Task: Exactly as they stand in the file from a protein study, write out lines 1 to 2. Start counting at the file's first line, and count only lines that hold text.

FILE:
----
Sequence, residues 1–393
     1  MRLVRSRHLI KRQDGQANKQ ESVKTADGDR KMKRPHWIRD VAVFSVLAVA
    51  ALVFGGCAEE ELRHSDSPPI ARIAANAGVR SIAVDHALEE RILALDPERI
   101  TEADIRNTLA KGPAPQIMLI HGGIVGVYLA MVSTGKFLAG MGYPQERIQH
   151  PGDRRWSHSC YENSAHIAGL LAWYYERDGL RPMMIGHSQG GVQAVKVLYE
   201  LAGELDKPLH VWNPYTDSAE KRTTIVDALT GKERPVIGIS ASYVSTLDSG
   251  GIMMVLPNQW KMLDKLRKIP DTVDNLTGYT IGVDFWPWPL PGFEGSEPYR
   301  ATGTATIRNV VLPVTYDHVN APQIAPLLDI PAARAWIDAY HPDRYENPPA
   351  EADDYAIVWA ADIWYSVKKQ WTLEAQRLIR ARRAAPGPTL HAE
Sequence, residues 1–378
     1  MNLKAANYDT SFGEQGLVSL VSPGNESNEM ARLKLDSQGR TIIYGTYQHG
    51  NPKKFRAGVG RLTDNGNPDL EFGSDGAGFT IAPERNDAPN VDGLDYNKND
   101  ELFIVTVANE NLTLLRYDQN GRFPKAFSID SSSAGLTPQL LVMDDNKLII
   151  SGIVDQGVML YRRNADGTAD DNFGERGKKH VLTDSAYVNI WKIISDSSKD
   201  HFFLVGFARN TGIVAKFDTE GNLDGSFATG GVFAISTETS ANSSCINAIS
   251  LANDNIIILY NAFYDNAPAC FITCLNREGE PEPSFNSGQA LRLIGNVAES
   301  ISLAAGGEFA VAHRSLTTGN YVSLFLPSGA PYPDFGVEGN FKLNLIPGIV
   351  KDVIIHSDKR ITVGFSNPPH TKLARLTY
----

Sequence, residues 1–393
     1  MRLVRSRHLI KRQDGQANKQ ESVKTADGDR KMKRPHWIRD VAVFSVLAVA